More than 80 migrants stranded in the Mediterranean Sea came ashore on the Italian island of Lampedusa late Tuesday following a stand-off between the Spanish charity that operated their ship and the government in Rome.
The mostly African migrants were removed from the boat after an Italian court ordered them to be brought ashore.
Before docking late in the evening, the boat had spent six days anchored off the Italian island, which sits some 200 kilometres from the coast of North Africa.
Many of the people had been on board for 19 days after having being picked up while trying to make the difficult journey from Libya to Europe in smaller boats.
A local prosecutor ordered the ship brought to dock amid a probe of far-right Interior Minister Matteo Salvini for forbidding their entry to port.
Salvini, who may lose his job later on Wednesday after his bid to bring down the Italian government led his coalition partner Giuseppe Conte to step down as prime minister, had forbidden all humanitarian vessels from entering Italian ports.
Prosecutor Luigi Patronaggio ordered the ship brought ashore after judicial police and doctors noted tensions on board during an inspection.
Tensions on board
The charity had warned the situation was out of control, with many migrants suffering post-traumatic stress and threatening to commit suicide. Fifteen migrants had jumped into the sea earlier on Tuesday in an attempt to swim to the island.
“The boat will be temporarily seized, but it is a cost that Open Arms assumes to ensure that people on board can be taken care of,” tweeted Oscar Camps, founder of Spanish charity Proactiva Open Arms, which operated the ship.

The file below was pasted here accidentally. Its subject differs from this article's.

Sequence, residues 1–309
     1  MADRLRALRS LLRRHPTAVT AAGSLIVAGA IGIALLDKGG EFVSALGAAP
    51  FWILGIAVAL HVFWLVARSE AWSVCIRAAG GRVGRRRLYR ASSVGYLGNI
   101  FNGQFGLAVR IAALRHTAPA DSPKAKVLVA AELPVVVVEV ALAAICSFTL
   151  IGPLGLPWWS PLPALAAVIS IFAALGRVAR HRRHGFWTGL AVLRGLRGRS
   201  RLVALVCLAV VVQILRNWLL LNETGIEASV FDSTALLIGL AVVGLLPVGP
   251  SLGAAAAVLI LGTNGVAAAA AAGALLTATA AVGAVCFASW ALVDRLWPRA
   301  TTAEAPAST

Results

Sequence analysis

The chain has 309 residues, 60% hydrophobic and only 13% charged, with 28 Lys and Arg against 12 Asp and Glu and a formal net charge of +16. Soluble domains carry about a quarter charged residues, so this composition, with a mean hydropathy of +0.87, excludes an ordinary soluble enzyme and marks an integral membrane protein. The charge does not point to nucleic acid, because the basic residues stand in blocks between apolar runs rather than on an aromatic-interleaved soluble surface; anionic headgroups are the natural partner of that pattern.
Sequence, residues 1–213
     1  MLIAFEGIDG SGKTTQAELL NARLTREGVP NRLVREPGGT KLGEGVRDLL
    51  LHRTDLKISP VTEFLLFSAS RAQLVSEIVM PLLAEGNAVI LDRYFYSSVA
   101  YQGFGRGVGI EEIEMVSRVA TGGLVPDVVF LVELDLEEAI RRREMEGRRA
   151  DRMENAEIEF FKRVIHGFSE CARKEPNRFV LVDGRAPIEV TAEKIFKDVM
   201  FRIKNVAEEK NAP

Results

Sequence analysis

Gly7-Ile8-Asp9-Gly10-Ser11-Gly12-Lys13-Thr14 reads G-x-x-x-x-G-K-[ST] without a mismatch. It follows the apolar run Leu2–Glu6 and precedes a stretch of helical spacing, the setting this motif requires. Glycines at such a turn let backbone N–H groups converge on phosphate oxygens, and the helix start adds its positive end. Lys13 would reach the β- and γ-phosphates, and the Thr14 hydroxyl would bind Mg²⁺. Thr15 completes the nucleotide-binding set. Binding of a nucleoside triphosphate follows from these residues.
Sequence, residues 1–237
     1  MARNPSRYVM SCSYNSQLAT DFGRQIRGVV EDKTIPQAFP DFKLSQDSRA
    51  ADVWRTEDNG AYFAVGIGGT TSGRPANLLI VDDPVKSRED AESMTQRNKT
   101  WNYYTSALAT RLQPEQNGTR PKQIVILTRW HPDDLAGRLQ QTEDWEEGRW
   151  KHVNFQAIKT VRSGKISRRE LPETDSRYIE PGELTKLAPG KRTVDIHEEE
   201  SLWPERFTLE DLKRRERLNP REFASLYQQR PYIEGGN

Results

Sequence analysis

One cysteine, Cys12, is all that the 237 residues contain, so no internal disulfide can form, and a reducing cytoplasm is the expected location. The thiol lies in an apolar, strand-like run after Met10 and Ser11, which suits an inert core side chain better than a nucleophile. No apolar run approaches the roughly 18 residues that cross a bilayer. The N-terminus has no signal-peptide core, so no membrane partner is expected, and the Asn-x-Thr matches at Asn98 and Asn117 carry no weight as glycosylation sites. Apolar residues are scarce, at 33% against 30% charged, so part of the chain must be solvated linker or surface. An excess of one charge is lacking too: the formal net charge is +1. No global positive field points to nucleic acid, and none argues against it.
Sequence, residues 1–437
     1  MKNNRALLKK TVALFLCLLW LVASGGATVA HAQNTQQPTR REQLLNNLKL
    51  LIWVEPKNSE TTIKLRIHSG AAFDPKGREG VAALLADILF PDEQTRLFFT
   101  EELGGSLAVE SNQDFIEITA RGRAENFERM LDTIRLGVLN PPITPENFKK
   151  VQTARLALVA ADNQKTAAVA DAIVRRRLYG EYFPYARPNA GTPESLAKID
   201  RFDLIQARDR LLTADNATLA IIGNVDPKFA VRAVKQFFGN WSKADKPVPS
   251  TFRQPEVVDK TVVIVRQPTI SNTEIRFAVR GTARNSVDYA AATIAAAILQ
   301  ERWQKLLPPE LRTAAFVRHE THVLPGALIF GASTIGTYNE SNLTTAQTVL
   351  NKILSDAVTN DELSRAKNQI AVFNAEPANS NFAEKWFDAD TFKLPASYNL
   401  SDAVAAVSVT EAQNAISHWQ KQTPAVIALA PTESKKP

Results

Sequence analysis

There were initially 147 migrants on board, but some were evacuated for medical care and all minors were allowed to disembark.
Six European countries have offered to take them in, including France, Germany, Romania, Portugal, Spain and Luxembourg.
Salvini still refused to allow the ship to dock, tweeting that “being firm is the only way to stop Italy from becoming Europe's refugee camp again.”
Salvini 'doesn't care about human lives'
Spain tried to break the standoff by offering its port of Algeciras, but the NGO said it was not possible to make the trek due to the distance and tensions on board.
Spain had sent a naval vessel with the intention to pick up the migrants and escort the Open Arms ship to Palma de Mallorca in the Balearic Islands.
The Spanish government was not able to confirm whether the ship would turn back now that the migrants arrived on Lampedusa.
Defence Minister Margarita Robles earlier slammed Italy and Salvini for the situation.
“What Salvini is doing in relation with the Open Arms is a disgrace to humanity as a whole,” she said Monday.
Salvini “has shown he doesn't care about human lives,” she added Tuesday.